Felix Ever After (Kacen Callender)

Felix Ever After is a novel by Kacen Callender.
Finished on: 25.6.2021

Content Note: (critical treatment of) transmisia, queermisia

Felix is a student at an art school, hoping to get into a good college to pursue his art further. He therefore attends summer school with his best friend Ezra. He is also Black, trans, queer and desperate to fall in love for the first time, but secretly afraid that he has one marginalized identity too many. And maybe he is not all that sure about his identities anyway. Before he figures anything out, though, Felix arrives in school one morning to find pre-transitions photos of himself and his deadname plastered all over the school gallery. Suspecting his classmate and rival Declan, Felix hatches a plan to make him pay. But that plan leads him somewhere else entirely.

Felix Ever After is wonderful. Simply wonderful. It’s the kind of novel that queer people everywhere should grow up with, really. It made my heart swell in the best of ways.

The book cover showing an illustration of a Black guy in a tank top. His arms are covered in small tattoos, he is wearing a flower crown and underneath the tank top, we can just make out scars from top surgery.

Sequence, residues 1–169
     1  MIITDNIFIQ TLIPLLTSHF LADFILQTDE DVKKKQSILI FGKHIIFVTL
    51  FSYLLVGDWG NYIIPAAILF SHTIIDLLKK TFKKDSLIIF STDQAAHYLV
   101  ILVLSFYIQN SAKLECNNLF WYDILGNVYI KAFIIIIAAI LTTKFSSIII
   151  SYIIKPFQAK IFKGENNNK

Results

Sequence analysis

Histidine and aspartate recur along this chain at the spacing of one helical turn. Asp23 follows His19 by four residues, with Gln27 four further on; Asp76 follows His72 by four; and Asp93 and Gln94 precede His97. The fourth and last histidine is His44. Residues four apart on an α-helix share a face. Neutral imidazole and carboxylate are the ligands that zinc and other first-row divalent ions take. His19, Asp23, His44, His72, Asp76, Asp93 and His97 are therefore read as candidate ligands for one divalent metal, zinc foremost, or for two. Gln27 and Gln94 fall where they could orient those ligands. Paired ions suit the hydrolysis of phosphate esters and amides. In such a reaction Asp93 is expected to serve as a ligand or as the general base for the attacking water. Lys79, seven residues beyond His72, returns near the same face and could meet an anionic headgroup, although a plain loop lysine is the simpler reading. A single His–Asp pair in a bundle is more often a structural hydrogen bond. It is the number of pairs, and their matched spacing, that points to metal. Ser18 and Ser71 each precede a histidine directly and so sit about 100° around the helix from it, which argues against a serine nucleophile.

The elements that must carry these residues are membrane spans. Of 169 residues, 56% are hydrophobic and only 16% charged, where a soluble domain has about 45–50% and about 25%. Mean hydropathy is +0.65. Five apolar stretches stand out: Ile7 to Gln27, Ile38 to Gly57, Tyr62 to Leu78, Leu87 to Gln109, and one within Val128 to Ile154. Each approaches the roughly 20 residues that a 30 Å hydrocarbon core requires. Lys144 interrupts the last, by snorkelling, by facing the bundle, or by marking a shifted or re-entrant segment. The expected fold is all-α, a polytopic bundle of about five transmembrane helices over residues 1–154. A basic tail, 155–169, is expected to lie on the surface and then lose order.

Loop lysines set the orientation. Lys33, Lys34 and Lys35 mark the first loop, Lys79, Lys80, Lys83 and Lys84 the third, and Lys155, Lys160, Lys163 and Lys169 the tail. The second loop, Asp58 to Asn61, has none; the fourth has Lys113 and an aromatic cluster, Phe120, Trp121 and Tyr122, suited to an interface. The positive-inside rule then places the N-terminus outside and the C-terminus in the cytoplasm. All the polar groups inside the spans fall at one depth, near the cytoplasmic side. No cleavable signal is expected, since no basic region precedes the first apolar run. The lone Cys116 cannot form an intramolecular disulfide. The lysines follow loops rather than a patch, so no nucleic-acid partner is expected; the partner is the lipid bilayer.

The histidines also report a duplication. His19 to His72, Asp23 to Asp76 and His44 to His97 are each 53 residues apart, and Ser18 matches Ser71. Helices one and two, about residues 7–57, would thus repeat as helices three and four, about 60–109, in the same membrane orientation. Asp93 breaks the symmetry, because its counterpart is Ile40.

Felix Ever After is, on the surface, a sweet and funny romance. Watching Felix hoping to fall in love, but at the same time not daring to is relatable, reads like a breeze and tugs all the right heartstrings. And it would have been a great book if it had been just that.

But there is so much more to it. Mostly it is not a romance novel, but a coming-of-age one, where Felix gets to figure things out about himself and who he is. The story allows him to have doubts about his identity, without ever falling into a fearful “but what if he isn’t actually trans” gasping. People can change and if that means readjusting their identities, then so be it. It’s also pretty awesome because it’s a book that barely has any non-queer people in it. So Felix’ story isn’t the only queer story, it’s just his story.

In addition to that, there is even space for some very fundamental critique. TERFy talking points are discussed (or torn to pieces, if we’re being honest) as much as the difficulties parents may have when their children transition, but centering the pain this causes the trans kids, and not the things the parents struggle with. Both these aspects made me particularly glad that the book was written by a trans person – they really make Felix’ pain a visceral experience that goes straight to the gut, even for cis old me.

While the focus is on queerness, the book also takes on race and class and how it all intersects. With all the big topics it tackles, I really have to reiterate that it is also an extremely entertaining page-turner that is always emotionally honest and affective. I may have shed a tear or two. In short, I really loved it.

Summarizing: wonderful, fantastic, damn near perfect.

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